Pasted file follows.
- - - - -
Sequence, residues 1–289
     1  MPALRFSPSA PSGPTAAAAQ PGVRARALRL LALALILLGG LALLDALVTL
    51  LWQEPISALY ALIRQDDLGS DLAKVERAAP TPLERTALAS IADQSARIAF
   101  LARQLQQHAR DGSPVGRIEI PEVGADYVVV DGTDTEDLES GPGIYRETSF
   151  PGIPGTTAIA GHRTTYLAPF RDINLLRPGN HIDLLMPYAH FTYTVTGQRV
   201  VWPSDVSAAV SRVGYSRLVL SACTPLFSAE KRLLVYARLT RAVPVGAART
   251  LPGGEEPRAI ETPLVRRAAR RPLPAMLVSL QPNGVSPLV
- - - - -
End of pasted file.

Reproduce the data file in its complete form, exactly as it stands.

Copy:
Sequence, residues 1–289
     1  MPALRFSPSA PSGPTAAAAQ PGVRARALRL LALALILLGG LALLDALVTL
    51  LWQEPISALY ALIRQDDLGS DLAKVERAAP TPLERTALAS IADQSARIAF
   101  LARQLQQHAR DGSPVGRIEI PEVGADYVVV DGTDTEDLES GPGIYRETSF
   151  PGIPGTTAIA GHRTTYLAPF RDINLLRPGN HIDLLMPYAH FTYTVTGQRV
   201  VWPSDVSAAV SRVGYSRLVL SACTPLFSAE KRLLVYARLT RAVPVGAART
   251  LPGGEEPRAI ETPLVRRAAR RPLPAMLVSL QPNGVSPLV